What is an IPA Beer? If you’ve ever had an IPA, you know they can not be both weak and bitter. Here are the basics.
What Does IPA Stand For?
IPA stands for India Pale Ale. India played a significant role in the development of IPA, as we’ll see in a moment. It’s not the nation that invented the brew, however.
How Was IPA Invented?
IPA was supposedly devised by the British during their efforts to colonize India. Again and again, the beer they sent their troops failed to survive the sea voyage all the way around the cape of Africa. Extreme temperatures and prolonged storage without the advantages of refrigeration were less than perfect conditions for transporting beer. As a result, it kept spoiling on the trip. The British had two tools to work with: alcohol and hops. Both these work as preservatives. Based on legend, it was George Hodgson of East London’s Bow Brewery who eventually created the first IPA. It was bitter and alcoholic, but it could make the long ocean trip.
Breweries sprung up in more locations. Refrigeration was invented. The initial hurdles IPA was created to clear were no longer an issue. IPA has stuck around, nevertheless. It has even gathered its own pack of diehard enthusiasts.
An abundance of hops characterizes the IPAs we encounter now. Several varieties of hops may be used at different times through the entire brewing procedure. Flavor, odor, and bitterness affects. IPAs often smell like pine, citrus, or blossoms.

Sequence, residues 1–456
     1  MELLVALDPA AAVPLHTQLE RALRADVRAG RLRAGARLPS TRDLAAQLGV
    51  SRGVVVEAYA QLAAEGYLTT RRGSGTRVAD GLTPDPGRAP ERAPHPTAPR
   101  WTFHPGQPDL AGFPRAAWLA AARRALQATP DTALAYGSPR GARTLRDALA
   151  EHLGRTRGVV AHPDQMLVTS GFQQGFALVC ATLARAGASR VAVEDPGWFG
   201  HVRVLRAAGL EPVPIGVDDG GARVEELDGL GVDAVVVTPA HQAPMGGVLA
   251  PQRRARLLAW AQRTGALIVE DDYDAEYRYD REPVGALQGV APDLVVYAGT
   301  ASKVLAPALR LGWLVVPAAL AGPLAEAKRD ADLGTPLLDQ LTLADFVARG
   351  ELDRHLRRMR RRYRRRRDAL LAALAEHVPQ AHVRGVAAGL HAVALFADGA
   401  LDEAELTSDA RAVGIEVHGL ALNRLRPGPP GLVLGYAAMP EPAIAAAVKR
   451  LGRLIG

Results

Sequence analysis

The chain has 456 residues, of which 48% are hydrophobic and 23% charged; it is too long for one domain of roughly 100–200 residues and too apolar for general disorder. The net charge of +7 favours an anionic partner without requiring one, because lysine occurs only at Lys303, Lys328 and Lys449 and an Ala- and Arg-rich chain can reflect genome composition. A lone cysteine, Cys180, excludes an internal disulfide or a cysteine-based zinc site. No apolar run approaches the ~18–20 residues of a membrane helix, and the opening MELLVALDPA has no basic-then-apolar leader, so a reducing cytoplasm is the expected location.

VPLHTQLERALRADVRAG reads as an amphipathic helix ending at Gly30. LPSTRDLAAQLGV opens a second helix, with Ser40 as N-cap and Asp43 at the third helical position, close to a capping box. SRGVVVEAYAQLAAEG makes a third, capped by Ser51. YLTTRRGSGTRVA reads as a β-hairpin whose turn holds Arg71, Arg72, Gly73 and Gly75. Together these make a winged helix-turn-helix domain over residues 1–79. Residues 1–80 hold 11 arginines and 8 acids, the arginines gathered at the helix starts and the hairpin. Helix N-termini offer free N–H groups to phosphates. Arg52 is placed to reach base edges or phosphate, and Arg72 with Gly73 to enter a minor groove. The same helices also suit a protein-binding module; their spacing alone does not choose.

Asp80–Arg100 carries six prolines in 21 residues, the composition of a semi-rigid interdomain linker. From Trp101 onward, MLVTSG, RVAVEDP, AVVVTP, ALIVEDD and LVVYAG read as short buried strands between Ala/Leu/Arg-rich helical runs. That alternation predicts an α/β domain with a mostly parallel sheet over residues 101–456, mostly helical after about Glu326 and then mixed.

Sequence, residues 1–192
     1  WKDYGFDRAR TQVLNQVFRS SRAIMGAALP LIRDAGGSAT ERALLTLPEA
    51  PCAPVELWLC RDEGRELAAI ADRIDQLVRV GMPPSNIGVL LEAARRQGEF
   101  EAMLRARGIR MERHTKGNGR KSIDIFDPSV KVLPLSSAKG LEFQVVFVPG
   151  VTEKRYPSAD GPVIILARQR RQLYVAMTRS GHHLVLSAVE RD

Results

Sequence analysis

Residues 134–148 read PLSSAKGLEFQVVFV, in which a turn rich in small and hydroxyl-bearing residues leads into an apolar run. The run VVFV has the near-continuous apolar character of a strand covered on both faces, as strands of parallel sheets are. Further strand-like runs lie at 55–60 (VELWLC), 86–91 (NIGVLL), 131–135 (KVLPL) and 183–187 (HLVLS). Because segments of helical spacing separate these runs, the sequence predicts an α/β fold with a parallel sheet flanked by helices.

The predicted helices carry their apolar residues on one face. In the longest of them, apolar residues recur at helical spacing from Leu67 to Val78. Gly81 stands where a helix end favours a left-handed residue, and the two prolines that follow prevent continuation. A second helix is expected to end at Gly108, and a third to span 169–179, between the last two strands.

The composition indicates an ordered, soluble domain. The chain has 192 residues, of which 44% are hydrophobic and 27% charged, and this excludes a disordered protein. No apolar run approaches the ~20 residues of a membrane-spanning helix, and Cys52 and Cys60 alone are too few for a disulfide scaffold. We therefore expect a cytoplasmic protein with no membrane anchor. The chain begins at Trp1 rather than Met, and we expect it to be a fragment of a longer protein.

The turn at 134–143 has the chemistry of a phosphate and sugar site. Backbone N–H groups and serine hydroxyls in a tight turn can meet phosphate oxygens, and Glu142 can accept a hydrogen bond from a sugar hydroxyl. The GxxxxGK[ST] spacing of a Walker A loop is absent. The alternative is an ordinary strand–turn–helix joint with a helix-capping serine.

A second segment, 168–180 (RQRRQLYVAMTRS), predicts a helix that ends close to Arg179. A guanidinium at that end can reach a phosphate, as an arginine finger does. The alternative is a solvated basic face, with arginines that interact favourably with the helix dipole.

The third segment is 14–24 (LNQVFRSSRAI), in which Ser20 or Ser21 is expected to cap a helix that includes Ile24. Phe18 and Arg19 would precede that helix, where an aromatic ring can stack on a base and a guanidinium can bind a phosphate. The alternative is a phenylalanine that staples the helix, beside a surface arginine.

There are three primary styles of IPA made today. They are American-style, English-design, and Double or Imperial. There are also plenty of sub-styles, including Belgian White IPAs, and Black, Hybrid, Wheat. Each fashion and sub -style has its own characteristics. In addition, many craft breweries have created their own unique spins on the classic. This proliferation means there’s loads of variety in what falls under the IPA label now.
Modern IPAs often have ABVs (alcohol by volume) between 5.5 and 7.5 percent. They go well with strongly flavored foods, including grilled meats, spicy curries, and salty dishes. You’ll know what we mean if you’re already an IPA buff. We encourage you to do so if you’d like to attempt an IPA. Simply be aware that many who adore this style of beer admit it can be an acquired taste!